Steps communities accelerate positive change toward health and wellness at the local level by creating a groundswell of activity across local community, school, work site, and health care settings. Public-private partnerships (ie, partnerships between the public and for-profit sectors) have become a valuable public health tool for stemming chronic disease at the community level and have played an important role in enhancing, expanding, and sustaining Steps Program activities. Given the tremendous chronic disease burden faced by local communities across the country, these nontraditional partnerships, by thinking outside the box, serve to improve community- and individual-level health and provide renewed hope for bringing about positive change.

The rise in chronic disease rates in the United States followed a century of profound cultural changes. In the 19th and early 20th centuries, people often struggled to get enough food, faced unsanitary living conditions, and engaged extensively in physical labor — notably on farms and in factories. Today, most people struggle to balance increasingly demanding work and family obligations. Hectic schedules, labor-saving technology, high-calorie convenience foods, widespread promotion of unhealthy foods and tobacco products, and the increase in sedentary behaviors have caused chronic disease rates to explode.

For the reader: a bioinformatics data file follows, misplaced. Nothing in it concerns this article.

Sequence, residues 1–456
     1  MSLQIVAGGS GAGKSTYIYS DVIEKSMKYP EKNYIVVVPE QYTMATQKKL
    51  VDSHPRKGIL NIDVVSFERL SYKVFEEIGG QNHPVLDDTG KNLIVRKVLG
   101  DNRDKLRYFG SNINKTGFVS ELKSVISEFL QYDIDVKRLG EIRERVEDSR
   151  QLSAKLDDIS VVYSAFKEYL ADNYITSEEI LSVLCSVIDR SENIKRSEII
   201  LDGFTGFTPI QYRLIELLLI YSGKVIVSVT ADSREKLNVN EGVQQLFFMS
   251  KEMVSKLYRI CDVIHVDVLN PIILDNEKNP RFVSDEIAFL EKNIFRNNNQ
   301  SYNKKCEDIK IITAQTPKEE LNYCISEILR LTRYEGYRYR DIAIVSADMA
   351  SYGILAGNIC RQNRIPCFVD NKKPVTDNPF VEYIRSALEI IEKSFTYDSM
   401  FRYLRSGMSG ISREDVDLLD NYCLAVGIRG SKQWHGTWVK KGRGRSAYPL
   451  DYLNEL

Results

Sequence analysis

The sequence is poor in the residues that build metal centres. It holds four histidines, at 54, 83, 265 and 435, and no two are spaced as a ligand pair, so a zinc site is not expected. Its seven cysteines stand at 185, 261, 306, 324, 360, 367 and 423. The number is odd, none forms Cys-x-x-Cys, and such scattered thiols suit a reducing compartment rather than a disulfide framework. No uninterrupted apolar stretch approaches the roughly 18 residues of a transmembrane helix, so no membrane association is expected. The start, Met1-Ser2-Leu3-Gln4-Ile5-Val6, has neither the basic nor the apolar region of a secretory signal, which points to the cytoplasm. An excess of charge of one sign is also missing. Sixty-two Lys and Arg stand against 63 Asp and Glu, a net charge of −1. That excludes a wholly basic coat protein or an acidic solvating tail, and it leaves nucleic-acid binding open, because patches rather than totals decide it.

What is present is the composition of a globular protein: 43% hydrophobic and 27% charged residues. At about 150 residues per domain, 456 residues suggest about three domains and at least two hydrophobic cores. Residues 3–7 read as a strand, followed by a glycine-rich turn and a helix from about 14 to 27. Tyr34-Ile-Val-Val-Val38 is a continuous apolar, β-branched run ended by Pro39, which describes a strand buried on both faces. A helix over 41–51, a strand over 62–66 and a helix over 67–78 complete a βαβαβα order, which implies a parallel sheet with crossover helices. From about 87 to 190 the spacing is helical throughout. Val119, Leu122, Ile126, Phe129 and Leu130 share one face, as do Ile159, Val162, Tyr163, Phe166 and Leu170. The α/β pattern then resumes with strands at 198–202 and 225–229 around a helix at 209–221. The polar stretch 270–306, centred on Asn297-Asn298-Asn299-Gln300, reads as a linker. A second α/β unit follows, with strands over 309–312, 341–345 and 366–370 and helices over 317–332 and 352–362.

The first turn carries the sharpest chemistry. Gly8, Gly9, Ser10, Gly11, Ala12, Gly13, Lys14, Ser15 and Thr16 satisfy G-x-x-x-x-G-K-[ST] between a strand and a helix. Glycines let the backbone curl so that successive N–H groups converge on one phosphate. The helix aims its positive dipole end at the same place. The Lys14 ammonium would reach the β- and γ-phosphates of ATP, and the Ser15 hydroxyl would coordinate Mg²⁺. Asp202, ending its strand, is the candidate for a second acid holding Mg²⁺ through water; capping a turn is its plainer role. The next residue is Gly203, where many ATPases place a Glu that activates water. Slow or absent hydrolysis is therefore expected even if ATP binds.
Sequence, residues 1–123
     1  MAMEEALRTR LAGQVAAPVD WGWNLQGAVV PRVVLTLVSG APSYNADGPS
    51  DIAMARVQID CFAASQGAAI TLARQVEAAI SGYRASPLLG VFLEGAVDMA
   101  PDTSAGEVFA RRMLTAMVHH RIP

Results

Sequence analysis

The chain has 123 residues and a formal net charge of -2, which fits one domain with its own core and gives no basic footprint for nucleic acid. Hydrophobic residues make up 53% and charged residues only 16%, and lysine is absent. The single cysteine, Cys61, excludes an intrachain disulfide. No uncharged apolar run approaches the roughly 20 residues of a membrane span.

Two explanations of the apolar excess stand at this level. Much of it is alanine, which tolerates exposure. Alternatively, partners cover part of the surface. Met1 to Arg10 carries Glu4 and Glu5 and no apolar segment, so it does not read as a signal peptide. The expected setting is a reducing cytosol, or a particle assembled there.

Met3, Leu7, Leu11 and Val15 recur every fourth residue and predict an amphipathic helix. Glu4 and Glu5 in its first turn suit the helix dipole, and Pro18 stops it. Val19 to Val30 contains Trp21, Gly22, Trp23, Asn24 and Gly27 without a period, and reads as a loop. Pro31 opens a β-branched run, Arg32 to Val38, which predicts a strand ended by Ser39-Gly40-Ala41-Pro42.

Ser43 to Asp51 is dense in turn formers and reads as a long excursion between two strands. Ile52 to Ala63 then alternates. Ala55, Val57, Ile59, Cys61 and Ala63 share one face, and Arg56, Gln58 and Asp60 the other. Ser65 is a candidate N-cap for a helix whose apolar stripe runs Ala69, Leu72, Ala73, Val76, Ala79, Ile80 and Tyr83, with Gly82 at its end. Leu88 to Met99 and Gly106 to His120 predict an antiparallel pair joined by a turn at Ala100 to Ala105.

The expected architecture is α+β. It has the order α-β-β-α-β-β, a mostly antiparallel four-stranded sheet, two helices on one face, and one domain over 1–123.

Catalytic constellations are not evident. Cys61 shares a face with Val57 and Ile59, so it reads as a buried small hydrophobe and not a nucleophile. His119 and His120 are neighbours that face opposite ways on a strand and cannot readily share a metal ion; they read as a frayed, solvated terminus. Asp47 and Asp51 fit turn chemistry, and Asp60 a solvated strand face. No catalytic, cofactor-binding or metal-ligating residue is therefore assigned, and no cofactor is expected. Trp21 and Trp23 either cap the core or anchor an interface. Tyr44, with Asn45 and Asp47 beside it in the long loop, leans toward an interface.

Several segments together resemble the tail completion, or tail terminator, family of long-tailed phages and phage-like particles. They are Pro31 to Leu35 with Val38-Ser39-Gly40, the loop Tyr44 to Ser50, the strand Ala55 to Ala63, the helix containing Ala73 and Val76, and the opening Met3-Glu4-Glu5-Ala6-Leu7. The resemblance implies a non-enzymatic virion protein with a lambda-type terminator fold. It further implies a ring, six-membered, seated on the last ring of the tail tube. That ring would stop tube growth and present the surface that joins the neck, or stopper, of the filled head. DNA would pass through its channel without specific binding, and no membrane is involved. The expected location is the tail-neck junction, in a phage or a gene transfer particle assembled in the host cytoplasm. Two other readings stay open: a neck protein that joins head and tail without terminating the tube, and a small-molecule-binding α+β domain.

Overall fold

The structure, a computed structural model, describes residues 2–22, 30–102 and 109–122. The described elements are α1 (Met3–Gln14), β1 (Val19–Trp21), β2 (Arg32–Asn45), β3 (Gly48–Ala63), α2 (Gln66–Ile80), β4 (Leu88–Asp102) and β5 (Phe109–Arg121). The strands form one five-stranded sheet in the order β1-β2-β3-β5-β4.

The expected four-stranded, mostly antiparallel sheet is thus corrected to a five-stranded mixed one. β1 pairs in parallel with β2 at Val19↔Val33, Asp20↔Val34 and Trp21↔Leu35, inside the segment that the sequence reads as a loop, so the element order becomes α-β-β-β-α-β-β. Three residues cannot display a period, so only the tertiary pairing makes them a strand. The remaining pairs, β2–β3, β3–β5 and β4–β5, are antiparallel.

During the last century, chronic diseases replaced infectious diseases as the nation’s greatest health threat. In 2005, chronic diseases affected more than 50% of Americans (1) and accounted for 7 of the 10 leading causes of death in the United States: heart disease, cancer, stroke, chronic lower respiratory disease, diabetes, Alzheimer’s disease, and kidney disease (2). Though largely preventable, chronic diseases are among the most prevalent and costly of all health issues. In 2000, the estimated annual cost in the United States of obesity alone (including direct medical costs and indirect costs related to disability) was $117 billion (3).